Too much of something is said to be hazardous and this saying can also be applied to resting habits. In a new study, researchers found that sleeping for more than nine hours and sitting for prolonged periods of time can actually shorten life.
The majority of diseases worldwide is attributed to numerous lifestyle risk behaviors, such as smoking, lack of physical activity and poor diet. Such factors tend to pile up in populations, instigating interdependent effects on health
Poor health habits have already been recognized to cause hazards, but putting these factors together will give clinically vital data that can help determine the combined effects of these risk factors.
Researchers from Sax Institute reviewed behavioral lifestyle risk factors of 231,048 Australians aged 45 years or older during six years of follow-up. The participants all answered a lifestyle survey as baseline data. The researchers then scored six lifestyle behaviors for each study subject and combined the scores to come up with a lifestyle risk index.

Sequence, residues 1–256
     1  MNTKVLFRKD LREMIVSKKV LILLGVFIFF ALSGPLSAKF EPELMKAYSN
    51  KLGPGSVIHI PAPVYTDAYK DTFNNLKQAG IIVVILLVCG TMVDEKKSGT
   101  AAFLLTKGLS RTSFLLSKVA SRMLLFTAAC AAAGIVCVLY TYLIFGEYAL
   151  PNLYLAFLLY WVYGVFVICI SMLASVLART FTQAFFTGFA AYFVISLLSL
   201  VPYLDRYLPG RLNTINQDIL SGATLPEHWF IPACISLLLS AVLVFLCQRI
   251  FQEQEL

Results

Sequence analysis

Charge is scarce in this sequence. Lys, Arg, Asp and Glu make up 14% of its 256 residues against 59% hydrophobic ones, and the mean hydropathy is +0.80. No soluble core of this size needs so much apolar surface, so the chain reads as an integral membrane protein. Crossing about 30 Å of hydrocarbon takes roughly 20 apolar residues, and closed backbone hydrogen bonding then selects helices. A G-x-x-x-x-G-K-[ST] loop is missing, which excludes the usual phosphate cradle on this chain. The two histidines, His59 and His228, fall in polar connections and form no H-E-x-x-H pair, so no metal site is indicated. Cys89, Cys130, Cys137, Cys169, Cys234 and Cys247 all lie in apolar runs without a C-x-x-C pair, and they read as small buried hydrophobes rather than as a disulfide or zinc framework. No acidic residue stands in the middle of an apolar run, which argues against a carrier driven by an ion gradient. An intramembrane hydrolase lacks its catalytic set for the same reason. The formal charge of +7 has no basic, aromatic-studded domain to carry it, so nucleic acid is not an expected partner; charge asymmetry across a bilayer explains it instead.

The results of the investigations show that an individual with unhealthy sleeping habits (defined as sleeping for less than seven or more than nine hours a day) and prolonged sitting (sitting for more than seven hours a day) is four times more likely to have a shortened life compared to those who do not employ such habits.
"When you add a lack of exercise into the mix, you get a type of 'triple whammy' effect," lead author Dr. Melody Ding said. Too little exercise is defined by the authors as having less than 150 minutes of physical activity per week.
The researchers also looked into other combinations to determine which groupings had the most significant impact on a person's risk of early mortality due to any cause. Some of the other combinations that double the risk of death include:
• Too little exercise plus too much sleep
• Too little exercise plus too much sitting
• Smoking plus increased alcohol consumption
In the end, the authors said their study was able to reaffirm the value of a healthy lifestyle. The identified combinations of unhealthy lifestyle behaviors now warrant development of new measures to prevent chronic diseases.
The study was published in the journal PLOS One on Tuesday.
Photo: Sarah Nichols | Flickr